My daughter is now five and three quarters (those three quarters count a lot for her!) and, as I mentioned in the last post, we visit the library regularly to feed her (thankfully) insatiable appetite for new reading material.
My background in sociology and my move into feminism means that I’m more aware than ever of the cultural brainwashing that goes on through books, especially when it comes to gender and especially in those aimed at children.
So, you can imagine my reaction when my daughter presented me with Princess Grace by Mary Hoffman (2007).
All that pink!
That jewellery! Read the rest of this entry
An opportunity arose through my role at Women’s Views on News (WVoN) to write a guest blog for the National Women’s Council of Ireland (NWCI). There was no specific brief, both a blessing and curse to writers.
I spent some time considering my options. What was the link between me and my blog, WVoN and the NWCI?
Simple really. Feminism. Or rather, writing about it.
Read my guest blog over at NWCI
The fight for genuine equality between men and women has always been important to me and my time writing for WVoN has introduced me to a mass of fascinating people and subjects and opened my eyes to quite how hard a fight it actually is.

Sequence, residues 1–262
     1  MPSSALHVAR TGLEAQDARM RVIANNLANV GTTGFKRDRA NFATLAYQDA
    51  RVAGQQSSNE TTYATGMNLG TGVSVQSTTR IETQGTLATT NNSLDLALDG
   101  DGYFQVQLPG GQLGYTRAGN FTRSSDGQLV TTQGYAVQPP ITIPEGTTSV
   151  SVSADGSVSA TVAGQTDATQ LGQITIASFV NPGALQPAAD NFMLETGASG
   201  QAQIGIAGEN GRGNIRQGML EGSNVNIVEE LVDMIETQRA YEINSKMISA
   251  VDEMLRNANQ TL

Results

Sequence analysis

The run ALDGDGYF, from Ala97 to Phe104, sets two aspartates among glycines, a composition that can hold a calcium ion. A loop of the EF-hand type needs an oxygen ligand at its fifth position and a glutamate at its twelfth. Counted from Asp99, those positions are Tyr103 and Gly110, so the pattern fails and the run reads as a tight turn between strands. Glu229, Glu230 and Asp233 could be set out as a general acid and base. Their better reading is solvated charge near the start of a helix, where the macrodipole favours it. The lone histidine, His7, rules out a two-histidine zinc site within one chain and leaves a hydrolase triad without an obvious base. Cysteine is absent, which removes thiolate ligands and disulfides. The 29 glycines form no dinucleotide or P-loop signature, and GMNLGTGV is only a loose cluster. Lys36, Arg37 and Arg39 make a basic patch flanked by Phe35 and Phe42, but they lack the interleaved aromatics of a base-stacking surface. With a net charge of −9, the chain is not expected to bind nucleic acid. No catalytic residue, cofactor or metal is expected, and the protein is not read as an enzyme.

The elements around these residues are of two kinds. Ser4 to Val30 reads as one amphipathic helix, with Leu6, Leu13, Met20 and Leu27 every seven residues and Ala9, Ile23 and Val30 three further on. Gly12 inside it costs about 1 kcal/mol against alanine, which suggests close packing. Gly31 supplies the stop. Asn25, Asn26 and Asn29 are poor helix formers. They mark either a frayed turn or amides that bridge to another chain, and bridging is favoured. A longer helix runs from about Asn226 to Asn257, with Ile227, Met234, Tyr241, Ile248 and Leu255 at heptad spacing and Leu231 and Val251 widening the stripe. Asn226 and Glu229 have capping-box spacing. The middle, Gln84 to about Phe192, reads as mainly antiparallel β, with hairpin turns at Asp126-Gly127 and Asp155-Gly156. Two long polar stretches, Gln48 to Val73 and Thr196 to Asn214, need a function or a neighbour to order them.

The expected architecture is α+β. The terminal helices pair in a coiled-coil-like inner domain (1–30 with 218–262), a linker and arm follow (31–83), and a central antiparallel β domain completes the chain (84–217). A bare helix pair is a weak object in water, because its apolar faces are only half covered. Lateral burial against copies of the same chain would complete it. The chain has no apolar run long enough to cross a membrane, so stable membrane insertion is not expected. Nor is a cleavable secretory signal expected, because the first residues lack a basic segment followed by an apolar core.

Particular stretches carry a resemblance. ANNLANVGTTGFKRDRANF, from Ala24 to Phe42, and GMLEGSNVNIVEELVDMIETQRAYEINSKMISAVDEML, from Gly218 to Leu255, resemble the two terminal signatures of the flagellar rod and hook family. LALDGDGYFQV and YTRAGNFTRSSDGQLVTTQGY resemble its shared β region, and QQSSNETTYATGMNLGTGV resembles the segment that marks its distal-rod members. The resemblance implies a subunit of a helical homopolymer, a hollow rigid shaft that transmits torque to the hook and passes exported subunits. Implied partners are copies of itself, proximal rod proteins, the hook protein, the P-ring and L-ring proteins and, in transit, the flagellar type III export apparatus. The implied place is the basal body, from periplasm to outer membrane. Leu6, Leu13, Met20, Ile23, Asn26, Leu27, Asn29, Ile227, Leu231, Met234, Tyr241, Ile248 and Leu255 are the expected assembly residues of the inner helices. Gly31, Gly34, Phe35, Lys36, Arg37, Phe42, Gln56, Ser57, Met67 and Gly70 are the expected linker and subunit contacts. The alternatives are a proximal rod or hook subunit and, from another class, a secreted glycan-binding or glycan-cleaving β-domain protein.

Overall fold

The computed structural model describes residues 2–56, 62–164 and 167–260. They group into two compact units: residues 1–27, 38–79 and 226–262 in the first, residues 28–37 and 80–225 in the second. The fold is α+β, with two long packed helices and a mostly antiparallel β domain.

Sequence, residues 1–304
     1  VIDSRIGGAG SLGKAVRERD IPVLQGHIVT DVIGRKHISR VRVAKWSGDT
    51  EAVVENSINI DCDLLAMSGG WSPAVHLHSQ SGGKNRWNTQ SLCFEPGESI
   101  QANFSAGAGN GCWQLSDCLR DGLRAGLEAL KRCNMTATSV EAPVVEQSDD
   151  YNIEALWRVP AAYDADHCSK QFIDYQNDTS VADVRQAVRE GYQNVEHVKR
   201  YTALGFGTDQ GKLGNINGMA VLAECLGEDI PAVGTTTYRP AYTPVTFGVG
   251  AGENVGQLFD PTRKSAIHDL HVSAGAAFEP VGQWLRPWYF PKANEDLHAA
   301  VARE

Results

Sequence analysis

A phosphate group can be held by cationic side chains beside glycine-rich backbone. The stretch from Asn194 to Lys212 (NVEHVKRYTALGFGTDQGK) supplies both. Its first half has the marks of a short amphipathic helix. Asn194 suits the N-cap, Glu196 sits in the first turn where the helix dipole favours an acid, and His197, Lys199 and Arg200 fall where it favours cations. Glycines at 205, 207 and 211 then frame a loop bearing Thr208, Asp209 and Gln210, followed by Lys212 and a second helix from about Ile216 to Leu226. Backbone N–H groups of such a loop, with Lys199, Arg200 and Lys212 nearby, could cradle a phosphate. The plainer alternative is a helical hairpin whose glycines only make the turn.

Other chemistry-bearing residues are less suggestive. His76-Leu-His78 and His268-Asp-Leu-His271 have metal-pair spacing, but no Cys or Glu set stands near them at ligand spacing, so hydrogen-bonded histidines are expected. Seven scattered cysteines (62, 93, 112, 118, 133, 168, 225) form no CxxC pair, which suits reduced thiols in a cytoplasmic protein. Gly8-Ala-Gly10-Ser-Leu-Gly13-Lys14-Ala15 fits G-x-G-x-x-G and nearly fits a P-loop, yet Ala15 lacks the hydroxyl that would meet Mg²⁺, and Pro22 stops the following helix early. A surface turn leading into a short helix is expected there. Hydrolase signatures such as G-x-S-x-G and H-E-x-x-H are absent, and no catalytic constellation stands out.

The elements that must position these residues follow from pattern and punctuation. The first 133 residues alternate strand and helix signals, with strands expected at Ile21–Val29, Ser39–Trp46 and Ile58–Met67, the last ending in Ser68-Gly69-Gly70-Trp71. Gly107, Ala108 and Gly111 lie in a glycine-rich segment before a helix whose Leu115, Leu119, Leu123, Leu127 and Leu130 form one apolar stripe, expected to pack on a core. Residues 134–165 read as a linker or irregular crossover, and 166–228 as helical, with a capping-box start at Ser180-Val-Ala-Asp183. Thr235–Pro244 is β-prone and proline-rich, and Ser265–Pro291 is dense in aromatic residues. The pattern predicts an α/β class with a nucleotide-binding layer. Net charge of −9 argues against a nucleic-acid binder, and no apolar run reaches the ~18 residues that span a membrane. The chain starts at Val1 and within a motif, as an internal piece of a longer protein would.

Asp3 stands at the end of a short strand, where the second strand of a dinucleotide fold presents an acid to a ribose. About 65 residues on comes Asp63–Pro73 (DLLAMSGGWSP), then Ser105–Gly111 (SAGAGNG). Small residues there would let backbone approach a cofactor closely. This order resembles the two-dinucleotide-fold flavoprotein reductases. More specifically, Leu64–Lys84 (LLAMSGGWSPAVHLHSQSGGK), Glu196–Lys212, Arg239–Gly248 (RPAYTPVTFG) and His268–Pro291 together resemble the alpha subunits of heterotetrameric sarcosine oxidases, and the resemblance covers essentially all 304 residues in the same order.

The week I sent the finished blog post to the NWCI had been a roller-coaster of highs and lows for the organisation. Read the rest of this entry
Take a moment and ask yourself would you hide a secret army of women to fight in the battle against men in a distant alternative future?
The Female Man by Joanna Russ asks just that question. I picked up the book after seeing an article following her death in April this year. I feel ashamed to admit I’d never heard of Ms Russ prior to that, especially given that she is hailed as the forerunner of feminist science fiction writing and cited as a significant influence on modern authors such as William Gibson. The Female Man was written in 1969/70 and published five years later in a literary genre dominated by men. It received a mixed response, but has since become an extremely well respected novel, nominated for the 1975 Nebula Award for Best Novel and then winning one of the three Retrospective Tiptree Awards in 1996.
I understand why it elicited strong responses, released as it was at the height of the second-wave feminist movement. In many ways it is more a study in feminism than a science fiction story, yet I’m not sure where else it might be fit if not as Sci-Fi.
Read the rest of this entry